Some of us have joined industry association boards mostly because our boss thought it would be a good idea – and they no longer wanted to do it themselves. In a case like that, the external reward includes keeping the boss happy and maybe benefitting from new network contacts. Fair enough.
On the other hand, perhaps you’ve been asked to join a board in the human services or health care sector because the board needs your particular skills. But if you’re more engaged because a family member or friend benefits from the organization’s services, your intrinsic motivation to ensure the non-profit’s sustainability will help keep you going when life gets busy. You’ll do the work because it’s internally rewarding.
Research shows that intrinsic motivation is more powerful and sustainable than extrinsic. It’s not just about board work – there are lots of examples from all aspects of life. Here are a few courtesy of Adrienne Santos-Longhurst writing for healthline.com:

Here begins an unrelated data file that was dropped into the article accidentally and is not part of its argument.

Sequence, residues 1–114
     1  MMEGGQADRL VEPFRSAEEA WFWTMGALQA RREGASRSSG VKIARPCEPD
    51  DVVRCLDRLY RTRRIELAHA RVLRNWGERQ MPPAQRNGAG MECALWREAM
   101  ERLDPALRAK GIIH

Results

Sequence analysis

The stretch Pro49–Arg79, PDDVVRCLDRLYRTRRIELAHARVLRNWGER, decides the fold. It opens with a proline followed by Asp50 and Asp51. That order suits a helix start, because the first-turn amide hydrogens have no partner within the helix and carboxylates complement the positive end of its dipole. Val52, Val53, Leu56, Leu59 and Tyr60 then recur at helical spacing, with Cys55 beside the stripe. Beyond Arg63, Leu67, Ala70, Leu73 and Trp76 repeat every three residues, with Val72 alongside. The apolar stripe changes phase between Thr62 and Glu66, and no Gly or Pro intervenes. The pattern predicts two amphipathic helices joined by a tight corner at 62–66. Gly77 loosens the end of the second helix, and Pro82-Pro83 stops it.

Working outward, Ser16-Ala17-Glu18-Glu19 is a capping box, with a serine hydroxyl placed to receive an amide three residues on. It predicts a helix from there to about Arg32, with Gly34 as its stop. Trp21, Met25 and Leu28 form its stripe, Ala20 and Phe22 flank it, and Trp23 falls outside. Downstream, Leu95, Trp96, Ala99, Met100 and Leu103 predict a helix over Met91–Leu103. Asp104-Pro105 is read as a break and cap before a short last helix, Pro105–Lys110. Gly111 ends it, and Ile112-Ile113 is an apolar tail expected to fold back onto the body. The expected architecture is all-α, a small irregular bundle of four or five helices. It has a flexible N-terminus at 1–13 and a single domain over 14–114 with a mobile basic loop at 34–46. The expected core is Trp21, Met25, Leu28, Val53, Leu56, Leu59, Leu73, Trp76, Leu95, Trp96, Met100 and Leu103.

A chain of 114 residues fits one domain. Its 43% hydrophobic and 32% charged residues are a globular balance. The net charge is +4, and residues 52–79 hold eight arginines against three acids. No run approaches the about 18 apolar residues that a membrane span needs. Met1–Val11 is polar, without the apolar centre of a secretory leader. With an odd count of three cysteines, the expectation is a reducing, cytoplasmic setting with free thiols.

There are a number of factors that promote intrinsic motivation, and, in my view, they can all be applied to board work.
Much has been written on how the board chair can organize meetings, agendas, topics, speakers, and board retreats to motivate and engage directors in the work of the board. I agree that external factors like these help to create the conditions for success for the board as a whole.